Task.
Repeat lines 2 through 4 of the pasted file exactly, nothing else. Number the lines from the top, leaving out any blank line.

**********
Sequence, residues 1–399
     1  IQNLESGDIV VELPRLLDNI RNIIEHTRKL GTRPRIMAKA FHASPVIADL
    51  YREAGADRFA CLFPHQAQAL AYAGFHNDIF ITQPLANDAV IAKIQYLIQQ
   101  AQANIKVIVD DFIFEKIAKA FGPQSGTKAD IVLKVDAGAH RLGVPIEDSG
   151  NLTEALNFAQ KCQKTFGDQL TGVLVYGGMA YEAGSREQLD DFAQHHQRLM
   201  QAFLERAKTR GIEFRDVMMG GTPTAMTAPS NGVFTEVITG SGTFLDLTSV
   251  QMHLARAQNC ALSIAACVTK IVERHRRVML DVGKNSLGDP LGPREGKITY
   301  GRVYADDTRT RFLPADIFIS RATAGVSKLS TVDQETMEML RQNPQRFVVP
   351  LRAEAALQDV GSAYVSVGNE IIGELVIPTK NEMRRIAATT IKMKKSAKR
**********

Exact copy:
     1  IQNLESGDIV VELPRLLDNI RNIIEHTRKL GTRPRIMAKA FHASPVIADL
    51  YREAGADRFA CLFPHQAQAL AYAGFHNDIF ITQPLANDAV IAKIQYLIQQ
   101  AQANIKVIVD DFIFEKIAKA FGPQSGTKAD IVLKVDAGAH RLGVPIEDSG